Data as of March 11, 2021. Sources: Bloomberg, U.S. Treasury, WTIA.
Equally as important as the familiar nominal yield are the underlying drivers. Long-term interest rates are driven, among other things, by expectations of real growth in the economy (embodied in the real yield) and by expectations of inflation. Most of the gain since mid-2020 has been driven by rising inflation expectations. Only in the last few weeks have fixed income markets shown a pickup in real yield.
While the anticipated higher inflation dealt a blow to fixed income, it has been a boon for equity markets, though unevenly. As my colleagues recently detailed, higher inflation, higher interest rates, and a steeper yield curve are boons for specific equities in the values and cyclicals categories, among others. But if inflation runs too hot and threatens to snowball, equities may be at risk if the Federal Reserve is forced into action.
We do expect inflation to pick up over the course of 2021, possibly ending the year as high as 3%, despite another weak inflation report earlier this week. We expect to see higher year-over-year readings in March, April, and May, but that is mostly a head-fake, and is due to comparisons with the COVID-induced shutdown months last year. More to the story of true inflation: a vaccinated public with more than $2 trillion in savings and more stimulus on the way will push inflation higher in the second half of the year.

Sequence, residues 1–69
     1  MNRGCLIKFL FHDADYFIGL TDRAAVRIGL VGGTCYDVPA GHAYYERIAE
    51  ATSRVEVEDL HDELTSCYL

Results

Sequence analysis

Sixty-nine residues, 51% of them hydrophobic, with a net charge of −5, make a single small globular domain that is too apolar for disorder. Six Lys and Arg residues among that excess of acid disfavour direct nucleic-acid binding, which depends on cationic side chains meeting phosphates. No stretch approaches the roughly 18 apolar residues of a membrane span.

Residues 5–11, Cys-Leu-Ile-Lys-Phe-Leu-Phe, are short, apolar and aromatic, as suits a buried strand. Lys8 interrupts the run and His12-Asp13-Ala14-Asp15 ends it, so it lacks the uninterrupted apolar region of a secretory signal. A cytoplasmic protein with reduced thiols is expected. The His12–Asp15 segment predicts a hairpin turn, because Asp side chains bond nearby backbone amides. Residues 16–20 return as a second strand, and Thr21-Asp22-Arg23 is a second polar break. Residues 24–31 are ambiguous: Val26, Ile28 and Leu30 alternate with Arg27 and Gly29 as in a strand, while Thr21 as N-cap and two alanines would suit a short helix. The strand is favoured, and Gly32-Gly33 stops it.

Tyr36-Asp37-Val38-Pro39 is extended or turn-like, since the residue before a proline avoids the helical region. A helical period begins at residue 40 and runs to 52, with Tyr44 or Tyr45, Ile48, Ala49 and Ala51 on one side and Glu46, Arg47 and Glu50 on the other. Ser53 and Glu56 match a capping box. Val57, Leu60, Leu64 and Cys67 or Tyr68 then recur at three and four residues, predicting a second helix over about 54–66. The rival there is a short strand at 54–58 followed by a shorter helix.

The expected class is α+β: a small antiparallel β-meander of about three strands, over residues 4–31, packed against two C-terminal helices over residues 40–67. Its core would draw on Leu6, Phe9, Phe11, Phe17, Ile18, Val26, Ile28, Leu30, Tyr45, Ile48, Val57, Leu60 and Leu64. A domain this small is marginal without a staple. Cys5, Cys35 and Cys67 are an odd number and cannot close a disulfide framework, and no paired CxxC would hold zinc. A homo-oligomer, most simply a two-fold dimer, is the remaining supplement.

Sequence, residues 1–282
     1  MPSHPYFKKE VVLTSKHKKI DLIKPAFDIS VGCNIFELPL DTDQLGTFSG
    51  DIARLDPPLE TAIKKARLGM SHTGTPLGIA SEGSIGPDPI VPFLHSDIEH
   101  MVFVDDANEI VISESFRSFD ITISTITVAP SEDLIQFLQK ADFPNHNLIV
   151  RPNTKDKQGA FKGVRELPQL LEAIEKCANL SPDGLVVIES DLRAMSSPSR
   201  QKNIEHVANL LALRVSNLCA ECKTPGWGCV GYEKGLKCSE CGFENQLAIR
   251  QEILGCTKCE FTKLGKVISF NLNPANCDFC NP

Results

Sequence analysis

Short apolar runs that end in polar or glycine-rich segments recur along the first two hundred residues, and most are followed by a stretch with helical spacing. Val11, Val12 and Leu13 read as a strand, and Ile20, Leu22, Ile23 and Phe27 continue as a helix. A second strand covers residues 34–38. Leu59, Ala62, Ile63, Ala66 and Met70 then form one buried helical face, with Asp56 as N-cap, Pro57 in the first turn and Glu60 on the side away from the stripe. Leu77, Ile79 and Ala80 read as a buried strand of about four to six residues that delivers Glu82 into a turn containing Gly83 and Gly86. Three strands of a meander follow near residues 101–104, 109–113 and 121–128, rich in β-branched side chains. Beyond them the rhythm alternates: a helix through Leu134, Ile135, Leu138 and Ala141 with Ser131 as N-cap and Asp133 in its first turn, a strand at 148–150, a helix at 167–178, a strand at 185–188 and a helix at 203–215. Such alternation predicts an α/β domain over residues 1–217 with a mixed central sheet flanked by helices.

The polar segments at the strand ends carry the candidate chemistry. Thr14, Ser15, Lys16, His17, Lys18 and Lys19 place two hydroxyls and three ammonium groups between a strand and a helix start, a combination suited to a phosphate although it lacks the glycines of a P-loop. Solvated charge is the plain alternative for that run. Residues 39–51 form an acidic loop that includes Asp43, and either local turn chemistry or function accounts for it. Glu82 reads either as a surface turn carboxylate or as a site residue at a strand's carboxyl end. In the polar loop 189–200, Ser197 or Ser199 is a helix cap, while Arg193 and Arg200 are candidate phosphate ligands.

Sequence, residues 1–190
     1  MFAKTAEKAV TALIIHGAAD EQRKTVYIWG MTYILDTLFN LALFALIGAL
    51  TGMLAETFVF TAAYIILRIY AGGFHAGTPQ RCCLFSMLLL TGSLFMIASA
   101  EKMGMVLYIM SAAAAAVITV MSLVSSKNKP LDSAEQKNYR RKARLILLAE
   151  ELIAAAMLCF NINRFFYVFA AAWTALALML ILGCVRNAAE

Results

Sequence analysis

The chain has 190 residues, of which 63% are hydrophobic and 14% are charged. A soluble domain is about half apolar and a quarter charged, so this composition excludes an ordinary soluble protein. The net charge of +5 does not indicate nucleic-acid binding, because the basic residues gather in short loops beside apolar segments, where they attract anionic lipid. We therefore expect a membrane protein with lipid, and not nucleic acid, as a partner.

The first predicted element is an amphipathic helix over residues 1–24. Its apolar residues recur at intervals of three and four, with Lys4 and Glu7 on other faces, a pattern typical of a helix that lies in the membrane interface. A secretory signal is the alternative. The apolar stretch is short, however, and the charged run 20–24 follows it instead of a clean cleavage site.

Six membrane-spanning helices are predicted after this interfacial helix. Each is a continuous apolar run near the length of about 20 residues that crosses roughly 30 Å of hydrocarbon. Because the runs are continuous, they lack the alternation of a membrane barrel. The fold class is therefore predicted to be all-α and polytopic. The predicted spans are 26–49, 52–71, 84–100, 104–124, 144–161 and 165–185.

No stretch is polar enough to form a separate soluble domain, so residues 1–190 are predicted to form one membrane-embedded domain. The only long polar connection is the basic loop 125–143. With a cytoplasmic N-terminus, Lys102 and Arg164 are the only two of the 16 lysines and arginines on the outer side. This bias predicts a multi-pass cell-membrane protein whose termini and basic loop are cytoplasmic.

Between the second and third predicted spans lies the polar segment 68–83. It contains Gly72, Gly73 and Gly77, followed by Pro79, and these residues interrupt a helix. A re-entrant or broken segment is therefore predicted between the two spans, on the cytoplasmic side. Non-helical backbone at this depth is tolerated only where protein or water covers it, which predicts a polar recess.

But we don’t expect it to gather steam and snowball inexorably. As CIO Tony Roth and I discussed in a podcast as part of this year’s Capital Markets Forecast, such a snowballing effect requires consumers, firms, and markets to believe prices will continue to accelerate. In a self-fulfilling prophecy, they would react by demanding higher wages, pushing through higher prices for products, and driving interest rates ever higher, respectively.
The looming Fed
At the moment, consumers and financial markets have that same view. The inflation breakeven rates described above for the next 10 years can be broken into segments, the first five years and then the subsequent five years. Throughout the past eight years markets have priced in lower inflation in the first five years than in the subsequent five years (orange line below the grey line). That has flipped in a meaningful way in recent months, with higher inflation now expected in the near-term, which can be seen as the most recent data points on the far right of the chart. Though markets are pricing in 2.5% inflation over the next five years, the highest since 2008, they are also expecting inflation to fall back down closer to 2% thereafter.
The Fed likely sees this as a victory, at least for the moment, as this is the exact dynamic they are trying to engineer following the changes made to their official operating policy last August. As a bonus, consumer surveys are reflecting similar expectations of higher inflation in the near term, but to come back down later as shown in the figure farther down.
Bond market expected inflation (%)